In an incident last year, Toyota’s Australian office reported an attempted cyber-attack, but advised they did not believe any private customer or employee data was accessed. A month later, the Toyota Head Office in Japan reported a security breach which involved unauthorized access to a server connected to the company’s network. Personal records of 3.1 million people were potentially compromised in the breach. There were also Toyota cyber-attacks reported in Thailand and Vietnam ten days before the Head Office release, although details on these attacks are scarce.
A persistent threat group known as OceanLotus or APT32 group is considered responsible for the Toyota cyber-attacks. APT32 is known for using sophisticated attacks and writing their own exploits. It is suspected that APT32 used the Australian attack as a foothold into Toyota’s infrastructure in order to reach the Head Office in Japan. Toyota declined to comment on this theory and refused to attribute the Australian attack to APT32.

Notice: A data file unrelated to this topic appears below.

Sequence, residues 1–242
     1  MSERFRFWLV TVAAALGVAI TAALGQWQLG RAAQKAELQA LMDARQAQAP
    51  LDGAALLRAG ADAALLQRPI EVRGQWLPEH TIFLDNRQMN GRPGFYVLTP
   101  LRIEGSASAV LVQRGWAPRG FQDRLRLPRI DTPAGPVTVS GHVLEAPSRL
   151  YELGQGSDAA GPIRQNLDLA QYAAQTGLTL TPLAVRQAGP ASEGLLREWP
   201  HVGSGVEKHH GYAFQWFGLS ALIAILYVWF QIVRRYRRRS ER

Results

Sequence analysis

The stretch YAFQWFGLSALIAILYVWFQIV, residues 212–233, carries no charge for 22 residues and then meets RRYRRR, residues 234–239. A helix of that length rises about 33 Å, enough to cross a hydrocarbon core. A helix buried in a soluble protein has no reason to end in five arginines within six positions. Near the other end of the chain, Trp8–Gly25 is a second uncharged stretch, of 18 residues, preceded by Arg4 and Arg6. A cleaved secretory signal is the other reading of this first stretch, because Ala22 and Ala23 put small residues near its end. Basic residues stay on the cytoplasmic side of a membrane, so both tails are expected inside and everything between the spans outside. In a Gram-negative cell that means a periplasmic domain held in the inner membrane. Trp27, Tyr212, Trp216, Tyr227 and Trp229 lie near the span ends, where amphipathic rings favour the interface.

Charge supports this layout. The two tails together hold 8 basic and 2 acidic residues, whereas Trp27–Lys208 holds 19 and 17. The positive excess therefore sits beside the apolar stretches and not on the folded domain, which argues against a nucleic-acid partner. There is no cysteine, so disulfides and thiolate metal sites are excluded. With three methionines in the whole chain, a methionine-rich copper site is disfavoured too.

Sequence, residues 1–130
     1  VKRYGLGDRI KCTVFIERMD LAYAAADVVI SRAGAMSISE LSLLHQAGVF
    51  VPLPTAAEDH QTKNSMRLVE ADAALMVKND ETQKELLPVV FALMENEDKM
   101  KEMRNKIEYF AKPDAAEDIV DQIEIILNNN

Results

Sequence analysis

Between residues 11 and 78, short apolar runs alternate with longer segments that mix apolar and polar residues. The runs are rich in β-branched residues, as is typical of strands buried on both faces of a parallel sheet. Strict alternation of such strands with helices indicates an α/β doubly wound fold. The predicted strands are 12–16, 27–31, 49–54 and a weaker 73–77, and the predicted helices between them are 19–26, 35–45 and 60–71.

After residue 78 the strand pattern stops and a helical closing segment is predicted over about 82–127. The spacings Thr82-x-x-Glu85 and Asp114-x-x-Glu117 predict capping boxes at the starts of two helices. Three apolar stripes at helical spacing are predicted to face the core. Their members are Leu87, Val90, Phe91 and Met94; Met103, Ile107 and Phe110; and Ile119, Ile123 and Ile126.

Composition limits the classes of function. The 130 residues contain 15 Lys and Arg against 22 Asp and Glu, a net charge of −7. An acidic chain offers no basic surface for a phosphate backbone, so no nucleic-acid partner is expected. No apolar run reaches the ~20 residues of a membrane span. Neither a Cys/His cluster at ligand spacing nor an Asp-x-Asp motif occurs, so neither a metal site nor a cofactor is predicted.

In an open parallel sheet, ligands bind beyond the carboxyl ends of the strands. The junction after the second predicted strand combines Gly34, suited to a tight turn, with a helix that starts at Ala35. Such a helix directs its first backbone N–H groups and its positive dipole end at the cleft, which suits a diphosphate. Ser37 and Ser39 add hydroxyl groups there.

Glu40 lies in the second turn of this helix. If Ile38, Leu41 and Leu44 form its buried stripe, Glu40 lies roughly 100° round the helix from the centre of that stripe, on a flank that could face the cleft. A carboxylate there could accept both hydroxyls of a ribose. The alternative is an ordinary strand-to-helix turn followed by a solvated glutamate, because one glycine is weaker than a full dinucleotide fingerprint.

Branch Offices Under Threat
Branch offices are usually part of a “trusted” internal network of a large company like Toyota, and are trusted insiders. It is also usually the case that branch offices hold less sensitive information and therefore have less investment in security controls. This may result in less stringent cybersecurity practices.
This was further mentioned in the recent webinar run by Agilient’s partner, Unisys. Jack Koons, Chief Cybersecurity Strategist at Unisys, referenced a recent attack that compromised an Australian executive’s email in order to defraud funds from US headquarters.
And it is not just overseas headquarters that may be threatened by this model. Branch offices within regional or state capitals in Australia can become complacent, and often staff are poorly trained in how to detect and handle cybersecurity or social engineering techniques, compared to head office staff.
Agilient has experienced consultants available to review cybersecurity measures within your organisation, along with providing ongoing security awareness training and security posture assessments.
Contact us today for a confidential discussion.
Author: David Steele, Agilient Consultant